Mechanical engineering senior Dana Bjorn has spent a lot of time studying things related to objects traveling through the air, whether it relates to her selection as a recipient of the US Department of Defense Science, Mathematics, and Research for Transformation (SMART) scholarship or one of her main pursuits outside of the classroom: skydiving.
By David Goddard. Photography by Jessica Tezak.
The SMART award allowed her school to be fully paid, with a stipend left over, an internship set in place, and a job with the US Missile Defense Agency lined up after graduation.
It has also helped support her skydiving activities, which first took flight in 2020 upon a suggestion from her father and has now grown into a key part of her life.
“I finished my training the first weekend in July, and I now have more than 250 skydives,” said Bjorn, who also enjoys rock climbing. “I met my boyfriend skydiving, and we go as often as we can. It feels nothing like doom or terror—just like you’re floating. It is the most beautiful experience.”
Oddly enough, Bjorn wasn’t initially sold on the idea. She came around to seeing the potential fun she could have while she was taking a drive and felt a surge of inspiration to give it a shot.
She said that the connection between skydivers helps build a tight-knit community, where the people you meet are as integral as the experience itself.
After completed more than 100 jumps within her first two months of trying it out, Bjorn began taking part in more advanced techniques.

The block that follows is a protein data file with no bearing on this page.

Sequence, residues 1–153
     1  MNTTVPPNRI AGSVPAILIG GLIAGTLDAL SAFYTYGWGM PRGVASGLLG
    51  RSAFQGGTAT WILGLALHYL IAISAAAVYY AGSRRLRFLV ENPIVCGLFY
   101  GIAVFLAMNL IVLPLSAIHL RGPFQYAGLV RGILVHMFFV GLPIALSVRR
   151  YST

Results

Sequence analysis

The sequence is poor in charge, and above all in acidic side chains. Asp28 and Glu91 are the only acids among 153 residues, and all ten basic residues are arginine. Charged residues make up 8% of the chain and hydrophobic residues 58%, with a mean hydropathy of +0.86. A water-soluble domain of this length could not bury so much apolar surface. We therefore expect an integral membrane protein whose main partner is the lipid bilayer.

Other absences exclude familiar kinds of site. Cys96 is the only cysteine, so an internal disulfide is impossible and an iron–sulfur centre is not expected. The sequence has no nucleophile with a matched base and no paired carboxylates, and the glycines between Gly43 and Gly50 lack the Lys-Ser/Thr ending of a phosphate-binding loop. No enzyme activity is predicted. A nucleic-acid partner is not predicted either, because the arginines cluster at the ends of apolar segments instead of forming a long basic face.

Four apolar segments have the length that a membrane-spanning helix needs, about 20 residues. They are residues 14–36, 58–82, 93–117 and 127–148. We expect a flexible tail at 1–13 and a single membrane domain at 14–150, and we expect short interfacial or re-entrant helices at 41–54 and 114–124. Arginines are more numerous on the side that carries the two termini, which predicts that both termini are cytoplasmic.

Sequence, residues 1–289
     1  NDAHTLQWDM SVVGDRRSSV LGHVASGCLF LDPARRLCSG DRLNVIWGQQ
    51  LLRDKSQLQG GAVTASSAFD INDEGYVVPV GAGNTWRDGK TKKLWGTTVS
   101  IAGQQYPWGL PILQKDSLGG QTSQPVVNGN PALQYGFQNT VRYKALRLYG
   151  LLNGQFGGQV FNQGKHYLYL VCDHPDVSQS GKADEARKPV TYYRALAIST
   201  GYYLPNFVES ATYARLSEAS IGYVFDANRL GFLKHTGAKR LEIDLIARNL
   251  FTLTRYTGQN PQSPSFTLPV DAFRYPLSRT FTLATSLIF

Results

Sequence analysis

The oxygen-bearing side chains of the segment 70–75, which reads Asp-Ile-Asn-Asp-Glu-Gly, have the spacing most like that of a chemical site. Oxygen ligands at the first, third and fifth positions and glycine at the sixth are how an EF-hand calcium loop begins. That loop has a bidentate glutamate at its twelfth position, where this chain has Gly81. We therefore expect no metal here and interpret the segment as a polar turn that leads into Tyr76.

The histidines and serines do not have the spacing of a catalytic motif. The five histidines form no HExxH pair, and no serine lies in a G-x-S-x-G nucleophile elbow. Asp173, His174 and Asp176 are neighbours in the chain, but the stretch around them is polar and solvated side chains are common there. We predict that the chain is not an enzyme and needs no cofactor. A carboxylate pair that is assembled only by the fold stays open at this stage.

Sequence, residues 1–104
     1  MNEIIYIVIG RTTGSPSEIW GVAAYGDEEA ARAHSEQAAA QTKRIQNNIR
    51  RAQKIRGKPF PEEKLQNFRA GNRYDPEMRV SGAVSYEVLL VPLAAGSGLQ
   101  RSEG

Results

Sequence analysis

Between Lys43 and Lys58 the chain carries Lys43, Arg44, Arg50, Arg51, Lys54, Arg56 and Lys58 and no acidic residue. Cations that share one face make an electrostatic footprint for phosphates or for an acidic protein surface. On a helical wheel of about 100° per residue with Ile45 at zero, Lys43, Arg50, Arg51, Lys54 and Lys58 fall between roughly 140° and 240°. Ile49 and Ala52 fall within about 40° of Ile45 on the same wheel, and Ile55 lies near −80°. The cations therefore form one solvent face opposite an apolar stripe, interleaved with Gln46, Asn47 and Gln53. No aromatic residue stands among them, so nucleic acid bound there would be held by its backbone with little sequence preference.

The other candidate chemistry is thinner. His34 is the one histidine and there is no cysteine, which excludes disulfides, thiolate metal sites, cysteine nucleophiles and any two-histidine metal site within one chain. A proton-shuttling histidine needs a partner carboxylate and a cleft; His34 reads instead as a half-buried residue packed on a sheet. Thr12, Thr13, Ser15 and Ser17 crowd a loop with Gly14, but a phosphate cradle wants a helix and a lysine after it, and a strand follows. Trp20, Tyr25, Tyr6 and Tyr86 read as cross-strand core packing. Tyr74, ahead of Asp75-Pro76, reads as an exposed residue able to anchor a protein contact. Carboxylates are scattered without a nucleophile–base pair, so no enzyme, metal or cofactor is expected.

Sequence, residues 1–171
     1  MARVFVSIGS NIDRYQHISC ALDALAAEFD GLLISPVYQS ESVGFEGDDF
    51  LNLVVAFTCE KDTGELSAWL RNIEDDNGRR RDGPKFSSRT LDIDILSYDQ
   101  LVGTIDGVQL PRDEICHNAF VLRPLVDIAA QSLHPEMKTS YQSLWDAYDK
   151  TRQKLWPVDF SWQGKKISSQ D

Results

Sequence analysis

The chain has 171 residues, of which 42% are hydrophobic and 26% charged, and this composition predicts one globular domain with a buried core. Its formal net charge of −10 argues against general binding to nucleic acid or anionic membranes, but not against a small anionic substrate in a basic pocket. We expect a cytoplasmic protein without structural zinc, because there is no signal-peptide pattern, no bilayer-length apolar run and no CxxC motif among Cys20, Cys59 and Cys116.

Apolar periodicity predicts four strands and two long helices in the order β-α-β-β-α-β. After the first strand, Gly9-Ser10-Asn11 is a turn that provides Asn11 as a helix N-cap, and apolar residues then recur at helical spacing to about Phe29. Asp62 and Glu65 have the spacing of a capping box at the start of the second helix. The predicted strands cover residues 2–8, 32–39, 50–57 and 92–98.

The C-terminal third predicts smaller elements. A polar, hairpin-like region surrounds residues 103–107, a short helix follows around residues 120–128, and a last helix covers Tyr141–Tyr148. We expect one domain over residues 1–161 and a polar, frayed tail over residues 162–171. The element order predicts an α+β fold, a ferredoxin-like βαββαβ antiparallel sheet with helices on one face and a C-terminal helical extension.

“Traditionally skydiving is done with your belly and chest facing Earth,” said Bjorn. “In the last 20 years or so, free flying has become more popular, which is something my boyfriend and I have worked on tirelessly.”
In free flying, she explained, skydivers jump in a standing position, providing a different feeling than traditional jumps while introducing challenges such as an increased rate of descent and a more unstable position of balance.
Bjorn, who has served as an ambassador for the Tickle College of Engineering and as a math tutor, wants the next wave of Engineering Vols to share that same sense of wonder and awe.
My go-to message to everyone is take the opportunity first, ask questions later. Every single thing I have going on in my life has been a choice I made or a yes I answered. UT has endless opportunities that it offers to its students, but they will not just happen for you; you have to go find them.”
As Bjorn has shown, when you make the most of those chances, the sky is the limit.
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